In which I don’t know what I look like

And I’m sure I’m not alone in this. I don’t know a woman who doesn’t suffer from body dysmorphia, and that tends to make things a bit confusing. Of course, there are plenty of mirrors around, but most shops are well up on the art of the most pleasing angle, so there’s no consistency there.  When the reflection in the Regent Street branch of Banana Republic was particularly unflattering, it meant I really couldn’t tell if it was them or me. Either way, I gave the clothes back and slipped away.

A glimpse in a store mirror on Saturday suggested I was verging on anorexia. I am really not. My mirror at home says shorter and squatter than that. I genuinely can’t tell if my bum looks big in this, because (a) what is normal for me? And (b) therefore, what is big? And (c) is that just big in my head or big from an objective perspective?

This morning, absolutely unable to tell whether I looked fine or positively bovine, I just thought ‘Fuck it’ and left for work anyway. Because I also thought, ‘What does it matter?’ I was dressed well enough to sneak within the office dress code, and that’s all that counts. No one at work is actually going to be judging me, and if they are, I won’t know about it. Which takes us back to ‘Fuck it’.

The objective fact is I’m a size 0 to a size 10, depending on which country or store I’m shopping in. That range is clearly pretty normal. I’d definitely be happier a few pounds lighter, because months of inactivity is having an effect, but all my clothes still fit so it’s not that big a deal. I’ve no ambition to look like a model, given that even models don’t look like models until they’ve been Photoshopped to the max.

So mostly, it’s just irritating. I like certainty. So it follows that I’d prefer to be able to look in a mirror and think ‘Oh yes, that is the size and shape of me that I recognise’ and therefore also ‘Those jeans work and those jeans REALLY don’t’. How can it be that instead, I can’t tell?

But then again, why do I need to be able to identify my own size and shape?  Regardless of whether I think I look fat or thin, the only difference is going to be in what I wear. I might misjudge one way or the other, but that makes no bloody difference to anything. So I think that, on further reflection, all roads lead to ‘Fuck it’.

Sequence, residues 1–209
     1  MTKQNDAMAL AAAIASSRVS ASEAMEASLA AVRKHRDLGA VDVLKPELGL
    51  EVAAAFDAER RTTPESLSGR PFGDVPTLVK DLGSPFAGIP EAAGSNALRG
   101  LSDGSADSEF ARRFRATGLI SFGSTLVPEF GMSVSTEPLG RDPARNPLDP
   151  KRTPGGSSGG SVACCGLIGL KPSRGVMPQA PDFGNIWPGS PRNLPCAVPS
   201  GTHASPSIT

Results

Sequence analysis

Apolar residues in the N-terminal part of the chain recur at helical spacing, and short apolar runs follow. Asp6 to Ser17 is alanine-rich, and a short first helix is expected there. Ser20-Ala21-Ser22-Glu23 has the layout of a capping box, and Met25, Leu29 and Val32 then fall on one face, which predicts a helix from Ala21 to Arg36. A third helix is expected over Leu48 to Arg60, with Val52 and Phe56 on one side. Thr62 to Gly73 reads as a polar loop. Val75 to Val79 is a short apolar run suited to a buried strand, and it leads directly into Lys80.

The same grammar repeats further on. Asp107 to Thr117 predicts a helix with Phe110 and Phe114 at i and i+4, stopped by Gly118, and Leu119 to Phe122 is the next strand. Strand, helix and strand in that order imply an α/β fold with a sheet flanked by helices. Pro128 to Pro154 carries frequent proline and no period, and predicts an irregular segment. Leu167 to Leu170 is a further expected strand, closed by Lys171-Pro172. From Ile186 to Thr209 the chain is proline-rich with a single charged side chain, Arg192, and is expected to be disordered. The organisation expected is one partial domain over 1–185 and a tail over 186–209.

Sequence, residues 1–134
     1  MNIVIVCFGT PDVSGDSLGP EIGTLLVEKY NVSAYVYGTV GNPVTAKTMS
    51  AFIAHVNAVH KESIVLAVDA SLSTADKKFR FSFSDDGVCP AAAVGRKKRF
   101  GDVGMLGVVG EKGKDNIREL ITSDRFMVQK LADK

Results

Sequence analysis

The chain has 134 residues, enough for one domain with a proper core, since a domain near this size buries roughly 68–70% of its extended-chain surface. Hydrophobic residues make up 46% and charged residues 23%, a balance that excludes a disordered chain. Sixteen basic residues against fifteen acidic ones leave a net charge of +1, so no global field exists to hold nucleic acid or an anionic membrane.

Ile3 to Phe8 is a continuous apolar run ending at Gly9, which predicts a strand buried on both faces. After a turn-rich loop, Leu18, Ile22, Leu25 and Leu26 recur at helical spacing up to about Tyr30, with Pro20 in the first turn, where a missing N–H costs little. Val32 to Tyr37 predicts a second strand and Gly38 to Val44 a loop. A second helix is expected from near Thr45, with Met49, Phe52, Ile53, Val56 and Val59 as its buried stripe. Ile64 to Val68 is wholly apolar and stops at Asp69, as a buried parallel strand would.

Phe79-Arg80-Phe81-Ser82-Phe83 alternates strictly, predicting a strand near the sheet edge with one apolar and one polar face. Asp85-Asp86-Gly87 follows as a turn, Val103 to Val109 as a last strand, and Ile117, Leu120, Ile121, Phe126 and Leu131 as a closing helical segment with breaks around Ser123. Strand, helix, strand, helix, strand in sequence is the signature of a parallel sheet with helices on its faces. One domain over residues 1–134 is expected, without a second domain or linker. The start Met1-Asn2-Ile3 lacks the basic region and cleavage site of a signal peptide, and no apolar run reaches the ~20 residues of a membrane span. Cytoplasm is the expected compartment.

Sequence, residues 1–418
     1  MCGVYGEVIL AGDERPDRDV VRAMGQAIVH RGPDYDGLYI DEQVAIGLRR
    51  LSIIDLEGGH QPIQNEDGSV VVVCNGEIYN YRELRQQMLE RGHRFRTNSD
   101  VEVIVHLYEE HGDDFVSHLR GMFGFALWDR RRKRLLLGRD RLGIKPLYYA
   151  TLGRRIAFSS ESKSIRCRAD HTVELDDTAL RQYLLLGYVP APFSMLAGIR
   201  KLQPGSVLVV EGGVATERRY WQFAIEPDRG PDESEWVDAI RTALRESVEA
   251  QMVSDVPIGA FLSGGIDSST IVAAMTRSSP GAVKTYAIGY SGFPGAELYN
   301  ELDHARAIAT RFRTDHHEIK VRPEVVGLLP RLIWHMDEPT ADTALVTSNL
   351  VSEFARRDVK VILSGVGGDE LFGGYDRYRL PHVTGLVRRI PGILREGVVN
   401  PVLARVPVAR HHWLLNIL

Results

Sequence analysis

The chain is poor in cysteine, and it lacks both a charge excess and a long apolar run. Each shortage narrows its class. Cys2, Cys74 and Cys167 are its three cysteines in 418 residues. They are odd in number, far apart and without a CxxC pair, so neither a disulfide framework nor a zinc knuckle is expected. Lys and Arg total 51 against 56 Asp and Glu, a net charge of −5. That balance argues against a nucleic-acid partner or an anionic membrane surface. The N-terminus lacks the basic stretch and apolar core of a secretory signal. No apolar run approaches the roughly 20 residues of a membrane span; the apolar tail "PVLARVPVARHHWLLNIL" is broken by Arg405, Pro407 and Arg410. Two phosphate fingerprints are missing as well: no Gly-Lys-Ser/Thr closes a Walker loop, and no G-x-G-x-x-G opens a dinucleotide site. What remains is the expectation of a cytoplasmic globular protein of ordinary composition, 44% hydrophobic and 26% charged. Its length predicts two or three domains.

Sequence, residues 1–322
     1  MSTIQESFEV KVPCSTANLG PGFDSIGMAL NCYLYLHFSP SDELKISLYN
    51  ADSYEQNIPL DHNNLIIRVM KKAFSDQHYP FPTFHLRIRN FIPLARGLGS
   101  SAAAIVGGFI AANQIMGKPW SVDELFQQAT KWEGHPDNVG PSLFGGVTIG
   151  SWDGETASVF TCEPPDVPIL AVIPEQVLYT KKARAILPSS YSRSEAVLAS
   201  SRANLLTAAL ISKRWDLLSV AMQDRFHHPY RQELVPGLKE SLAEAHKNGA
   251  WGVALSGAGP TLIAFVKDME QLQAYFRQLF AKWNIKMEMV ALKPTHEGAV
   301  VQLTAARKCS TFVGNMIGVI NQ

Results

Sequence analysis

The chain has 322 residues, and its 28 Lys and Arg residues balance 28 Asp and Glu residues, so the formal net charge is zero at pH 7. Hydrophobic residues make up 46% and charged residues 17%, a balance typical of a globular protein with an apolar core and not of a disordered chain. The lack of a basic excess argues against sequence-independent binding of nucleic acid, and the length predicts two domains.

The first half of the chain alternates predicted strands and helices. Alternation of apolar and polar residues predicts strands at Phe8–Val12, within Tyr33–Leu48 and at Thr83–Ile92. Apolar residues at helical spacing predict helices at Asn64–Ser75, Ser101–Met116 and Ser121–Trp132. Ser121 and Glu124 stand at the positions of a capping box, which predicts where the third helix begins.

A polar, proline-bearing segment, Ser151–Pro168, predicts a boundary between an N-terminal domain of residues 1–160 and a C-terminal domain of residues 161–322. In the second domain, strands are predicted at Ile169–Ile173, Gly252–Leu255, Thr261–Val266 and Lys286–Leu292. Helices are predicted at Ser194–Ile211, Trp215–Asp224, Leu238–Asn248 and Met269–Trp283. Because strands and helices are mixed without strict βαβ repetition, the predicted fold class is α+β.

In which my hair is my business

Thank you everso for asking.

For the two people who read this blog and don’t know me in person, I’ve had short hair for most of the time since my 20s, aka, the best part of 20 years.

I’ve heard ‘Oi, mate, your bird’s a bloke!’ from some charmer on the night bus. I didn’t punch him. I’ve heard a polite ‘Sir…’ before a guy at a reception desk clocked that I was female. My ex-husband and I got dodgy looks checking into a hotel one time, which baffled us until we realised that I looked like a teenage boy when I wore a baseball cap.

None of it’s a big deal, and mostly I just eye roll and move on. But the consistent question that really winds me up is ‘What does your boyfriend/husband/partner think?’, sometimes coupled with ‘Doesn’t he mind that you’ve got short hair?’

I’ve been hearing that for years. About 20 of them. From the 20th into the 21st century, apparently a defining characteristic of women is that they’ve got long hair; and secondly, their hairstyle is not just their choice. It should be validated by a male whose opinion is considered relevant on the matter. If Vidal Sassoon were still around and I knew him, I’d hope he appreciated that my haircuts are straight out of the Sassoon school. Everyone else can fuck off.




In which I don’t understand things

The things I don’t understand are many and varied. Pretty much anything to do with numbers (yesterday, I had to think really hard to divide 330 by 2. Yup.) Pretty much anything to do with domestic technology. I now live with a television in the house and there seem to be four remote controls for it and its associated boxes. My only interaction with the remotes has been to take the AA batteries out of one of them, so that I could use them to test if the microchip reading cat-flap was still working.

Still, there are some specific things that I have been not understanding lately.

  1. Black sinks – the new house has a black sink and draining board. No idea what it’s made of, but it’s sort of shiny. It would be shinier, but this is Oxfordshire where the water comes with a generous helping of limescale. Black and limescale do not seem to me to be natural partners.